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Lecture

Crystallographic study of hydrogen-induced fatigue crack growth in type 304 austenitic stainless steel

Thursday (29.09.2016)
09:30 - 09:45
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Stable austenitic stainless steels such as 316L have been used in the hydrogen industry. Although reducing the content of rare metal elements such as Ni is necessary from the economic viewpoint, the reduction of the Ni content decreases the stability of austenitic phase, leading to severe hydrogen embrittlement. In metastable austenitic stainless steels such as 304, deformation-induced martensitic transformation complicates the understanding of the HE mechanism, particularly, under cyclic loading conditions. In this study, the relationship between fatigue cracks and martensite was analysed from crystallographic perspective using multi-scale mechanical testing. The materials used in this study were commercial types of 304 austenitic stainless steel. Small compact-tension (CT) specimens with 50μm thickness and 1mm width were fabricated for through-thickness grain samples using laser and focused iron beams. Solute hydrogen was introduced by cathodically charging in a sulfuric solution with pH = 3.5 maintained at a temperature of 353 K. The saturated hydrogen content was determined to be approximately 100 mass ppm using thermal desorption spectrometry. Fatigue crack growth tests were performed at a frequency of 1 Hz under a stress ratio of 0.1. It was found that the hydrogen charge facilitated cracking along twin boundaries in bulk polycrystalline specimens. In the uncharged small CT specimen, cracks grew by alternating slip shearing at the low stress intensity factor range (ΔK). With increasing ΔK, more martensite was formed ahead of the crack tip, resulting in the crack growth in the formed martensite region. In contrast, crack shielding effect due to martensitic transformation ahead of the crack tip was reduced by hydrogen charging. Despite the fact that the formation of martensite was suppressed by hydrogen charging, martensite variants with the habit plane parallel to twin boundaries were occasionally formed, and they may become a crack path.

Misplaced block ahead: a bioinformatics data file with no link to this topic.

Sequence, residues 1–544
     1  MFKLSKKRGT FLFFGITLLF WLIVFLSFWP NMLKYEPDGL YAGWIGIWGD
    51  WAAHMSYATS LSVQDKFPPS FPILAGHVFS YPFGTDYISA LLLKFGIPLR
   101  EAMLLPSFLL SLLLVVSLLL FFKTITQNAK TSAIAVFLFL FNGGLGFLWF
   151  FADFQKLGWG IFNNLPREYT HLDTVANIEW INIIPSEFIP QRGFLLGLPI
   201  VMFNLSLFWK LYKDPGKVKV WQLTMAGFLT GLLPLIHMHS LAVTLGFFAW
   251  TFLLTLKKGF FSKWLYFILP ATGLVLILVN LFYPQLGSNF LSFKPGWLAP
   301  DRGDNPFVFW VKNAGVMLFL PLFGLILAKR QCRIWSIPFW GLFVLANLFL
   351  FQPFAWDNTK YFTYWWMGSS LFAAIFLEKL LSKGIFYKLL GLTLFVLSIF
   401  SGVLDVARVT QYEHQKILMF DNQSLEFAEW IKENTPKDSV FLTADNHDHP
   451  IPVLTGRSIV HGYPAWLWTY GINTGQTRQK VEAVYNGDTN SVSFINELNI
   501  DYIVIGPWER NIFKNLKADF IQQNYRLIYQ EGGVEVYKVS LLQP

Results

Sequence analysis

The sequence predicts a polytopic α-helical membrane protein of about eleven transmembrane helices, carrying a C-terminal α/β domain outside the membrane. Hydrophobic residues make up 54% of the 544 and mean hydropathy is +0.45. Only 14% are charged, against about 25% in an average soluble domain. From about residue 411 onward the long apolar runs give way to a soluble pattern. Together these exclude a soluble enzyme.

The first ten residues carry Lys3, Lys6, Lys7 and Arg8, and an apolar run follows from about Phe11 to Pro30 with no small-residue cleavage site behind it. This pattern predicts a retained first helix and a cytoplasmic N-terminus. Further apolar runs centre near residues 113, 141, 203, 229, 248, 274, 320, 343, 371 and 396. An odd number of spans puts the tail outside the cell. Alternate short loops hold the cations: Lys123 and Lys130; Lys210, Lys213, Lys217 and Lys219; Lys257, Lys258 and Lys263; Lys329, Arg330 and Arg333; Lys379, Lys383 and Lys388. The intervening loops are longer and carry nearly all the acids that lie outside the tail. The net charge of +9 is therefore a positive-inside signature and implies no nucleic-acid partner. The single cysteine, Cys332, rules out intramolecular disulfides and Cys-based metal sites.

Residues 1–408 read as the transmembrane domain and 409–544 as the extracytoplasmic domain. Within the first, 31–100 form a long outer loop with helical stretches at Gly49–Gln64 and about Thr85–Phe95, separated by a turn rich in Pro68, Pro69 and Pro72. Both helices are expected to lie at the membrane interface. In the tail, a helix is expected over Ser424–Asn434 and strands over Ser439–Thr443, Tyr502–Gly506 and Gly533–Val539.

Speaker:
Dr. Yoji Mine
Kumamoto University
Additional Authors:
  • Shohei Ueki
    Kumamoto University
  • Prof. Dr. Kazuki Takashima
    Kumamoto University